certain The Boeing Company Model 777 airplanes. This proposed AD was prompted by a report of cracking in the fuselage skin underneath the satellite communication (SATCOM) antenna adapter. This proposed AD would require repetitive inspections of the visible fuselage skin and doubler if installed, for cracking, corrosion, and any indication of contact of a certain fastener to a bonding jumper, and repair if necessary. We are proposing this AD to detect and correct cracking and corrosion in the fuselage skin, which could lead to rapid decompression
and loss of structural integrity of the airplane.
Linking to this again. So grateful we got to experience him on stage.
Pavlov’s Dog Does Heroin, Finds God
Pavlov’s Dog Does Heroin, Finds God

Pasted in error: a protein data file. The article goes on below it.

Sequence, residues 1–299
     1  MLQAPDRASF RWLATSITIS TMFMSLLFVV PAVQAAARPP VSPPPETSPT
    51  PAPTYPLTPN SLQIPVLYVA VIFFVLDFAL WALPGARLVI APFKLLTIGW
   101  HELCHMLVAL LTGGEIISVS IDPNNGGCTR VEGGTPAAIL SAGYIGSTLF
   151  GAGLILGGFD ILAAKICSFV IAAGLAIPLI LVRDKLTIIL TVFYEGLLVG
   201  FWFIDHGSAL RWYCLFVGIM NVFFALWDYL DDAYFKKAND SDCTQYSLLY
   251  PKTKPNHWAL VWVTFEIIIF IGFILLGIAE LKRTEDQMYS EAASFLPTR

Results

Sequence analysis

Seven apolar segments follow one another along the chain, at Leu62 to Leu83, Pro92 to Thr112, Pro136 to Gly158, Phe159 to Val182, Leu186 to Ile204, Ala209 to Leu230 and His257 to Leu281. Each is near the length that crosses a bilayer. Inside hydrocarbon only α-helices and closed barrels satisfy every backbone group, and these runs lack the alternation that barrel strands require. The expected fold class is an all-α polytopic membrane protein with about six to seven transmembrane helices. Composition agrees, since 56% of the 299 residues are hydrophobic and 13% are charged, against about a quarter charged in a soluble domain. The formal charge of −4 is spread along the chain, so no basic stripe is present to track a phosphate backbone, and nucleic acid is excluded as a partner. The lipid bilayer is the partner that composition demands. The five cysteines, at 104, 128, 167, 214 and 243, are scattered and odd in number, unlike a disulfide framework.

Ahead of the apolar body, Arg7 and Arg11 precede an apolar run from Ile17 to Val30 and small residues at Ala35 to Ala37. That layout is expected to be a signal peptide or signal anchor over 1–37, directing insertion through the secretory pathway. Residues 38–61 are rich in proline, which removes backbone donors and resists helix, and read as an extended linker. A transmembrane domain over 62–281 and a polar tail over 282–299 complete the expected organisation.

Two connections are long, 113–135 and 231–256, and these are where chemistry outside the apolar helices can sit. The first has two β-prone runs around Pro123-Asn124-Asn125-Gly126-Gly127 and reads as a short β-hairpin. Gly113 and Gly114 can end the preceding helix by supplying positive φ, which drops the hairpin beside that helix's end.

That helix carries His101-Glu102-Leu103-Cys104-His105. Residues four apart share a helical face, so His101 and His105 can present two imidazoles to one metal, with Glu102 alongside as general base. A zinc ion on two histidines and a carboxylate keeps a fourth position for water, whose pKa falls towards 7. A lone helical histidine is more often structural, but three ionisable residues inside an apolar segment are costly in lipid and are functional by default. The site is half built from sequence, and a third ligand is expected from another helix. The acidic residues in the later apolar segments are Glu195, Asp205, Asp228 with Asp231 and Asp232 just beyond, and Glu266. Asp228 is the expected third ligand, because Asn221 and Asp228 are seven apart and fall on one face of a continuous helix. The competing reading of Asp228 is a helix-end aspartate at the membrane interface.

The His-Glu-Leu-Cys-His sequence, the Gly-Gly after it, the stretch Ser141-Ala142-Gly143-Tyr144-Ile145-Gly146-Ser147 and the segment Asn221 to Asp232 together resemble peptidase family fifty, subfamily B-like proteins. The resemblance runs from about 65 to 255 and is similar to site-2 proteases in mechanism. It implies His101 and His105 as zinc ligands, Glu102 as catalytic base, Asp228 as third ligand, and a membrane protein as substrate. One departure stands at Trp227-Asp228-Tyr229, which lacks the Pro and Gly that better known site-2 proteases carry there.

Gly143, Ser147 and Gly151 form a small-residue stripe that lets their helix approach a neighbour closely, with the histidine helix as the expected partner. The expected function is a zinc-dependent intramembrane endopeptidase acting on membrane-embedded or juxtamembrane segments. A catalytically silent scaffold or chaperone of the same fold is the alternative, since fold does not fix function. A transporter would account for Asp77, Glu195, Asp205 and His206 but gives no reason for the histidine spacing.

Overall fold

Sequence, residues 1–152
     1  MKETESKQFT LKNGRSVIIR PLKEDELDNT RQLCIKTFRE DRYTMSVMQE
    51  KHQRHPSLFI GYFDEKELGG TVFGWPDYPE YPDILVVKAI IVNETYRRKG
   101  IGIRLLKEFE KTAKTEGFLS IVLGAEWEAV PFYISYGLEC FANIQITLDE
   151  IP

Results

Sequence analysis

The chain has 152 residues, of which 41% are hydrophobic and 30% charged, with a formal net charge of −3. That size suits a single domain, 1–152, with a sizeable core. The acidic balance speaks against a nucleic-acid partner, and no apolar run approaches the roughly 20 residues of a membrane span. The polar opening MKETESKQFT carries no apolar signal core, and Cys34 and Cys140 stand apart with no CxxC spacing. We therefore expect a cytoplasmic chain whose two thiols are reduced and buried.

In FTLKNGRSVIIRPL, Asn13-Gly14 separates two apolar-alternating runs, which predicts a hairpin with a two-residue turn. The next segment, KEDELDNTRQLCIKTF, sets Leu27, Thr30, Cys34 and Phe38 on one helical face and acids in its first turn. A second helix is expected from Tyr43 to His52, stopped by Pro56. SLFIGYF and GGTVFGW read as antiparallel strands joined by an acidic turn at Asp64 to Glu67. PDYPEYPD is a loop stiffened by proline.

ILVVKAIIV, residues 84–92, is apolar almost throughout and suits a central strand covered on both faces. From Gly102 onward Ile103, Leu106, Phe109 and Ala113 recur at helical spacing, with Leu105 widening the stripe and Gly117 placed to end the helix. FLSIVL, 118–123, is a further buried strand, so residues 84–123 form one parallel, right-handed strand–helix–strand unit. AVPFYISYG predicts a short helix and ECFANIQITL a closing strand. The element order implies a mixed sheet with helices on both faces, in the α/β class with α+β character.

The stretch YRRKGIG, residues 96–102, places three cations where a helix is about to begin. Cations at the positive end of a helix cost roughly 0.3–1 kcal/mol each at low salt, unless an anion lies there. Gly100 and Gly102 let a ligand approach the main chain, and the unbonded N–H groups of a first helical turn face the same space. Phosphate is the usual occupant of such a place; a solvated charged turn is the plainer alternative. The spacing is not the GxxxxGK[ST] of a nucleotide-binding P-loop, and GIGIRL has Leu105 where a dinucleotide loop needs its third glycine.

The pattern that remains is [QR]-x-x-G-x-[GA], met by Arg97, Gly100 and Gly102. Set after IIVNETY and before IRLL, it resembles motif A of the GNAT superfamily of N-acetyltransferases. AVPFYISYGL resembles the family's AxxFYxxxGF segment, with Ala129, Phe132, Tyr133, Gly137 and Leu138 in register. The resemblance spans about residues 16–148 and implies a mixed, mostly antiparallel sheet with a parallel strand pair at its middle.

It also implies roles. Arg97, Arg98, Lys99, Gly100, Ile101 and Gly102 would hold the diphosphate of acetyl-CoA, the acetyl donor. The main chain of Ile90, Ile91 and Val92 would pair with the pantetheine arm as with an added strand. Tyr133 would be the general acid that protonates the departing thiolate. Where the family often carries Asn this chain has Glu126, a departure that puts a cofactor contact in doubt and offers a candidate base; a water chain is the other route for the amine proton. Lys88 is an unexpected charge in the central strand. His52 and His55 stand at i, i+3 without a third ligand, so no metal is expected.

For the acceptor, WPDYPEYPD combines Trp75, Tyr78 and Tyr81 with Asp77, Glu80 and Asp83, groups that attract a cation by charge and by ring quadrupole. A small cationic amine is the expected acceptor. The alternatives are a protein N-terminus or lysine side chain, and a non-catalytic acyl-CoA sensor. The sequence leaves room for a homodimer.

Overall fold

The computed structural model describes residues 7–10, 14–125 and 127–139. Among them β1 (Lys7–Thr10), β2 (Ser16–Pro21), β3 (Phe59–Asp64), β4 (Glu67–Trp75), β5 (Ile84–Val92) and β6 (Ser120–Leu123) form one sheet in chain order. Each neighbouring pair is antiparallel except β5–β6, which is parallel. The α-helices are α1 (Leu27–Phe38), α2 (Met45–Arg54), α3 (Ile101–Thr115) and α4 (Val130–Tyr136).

By Susi Johnston
It is 2018 and heroin is legal. But it’s only sold in Department of Public Health dispensaries. To get it, you have to show your ID, then do an automated verification process. The process is like this:
You sit in a booth that’s kind of like those reading carrels in libraries, like an office desk cubicle, but a small one. Instead of a keyboard and computer screen, there’s a binocular viewer above the desk at head-height, kind of like the ones they use for eye tests, plus a pair of headphones and a set of handgrips that are more or less like video game grips. There’s also a card-swipe thing where you swipe your ID.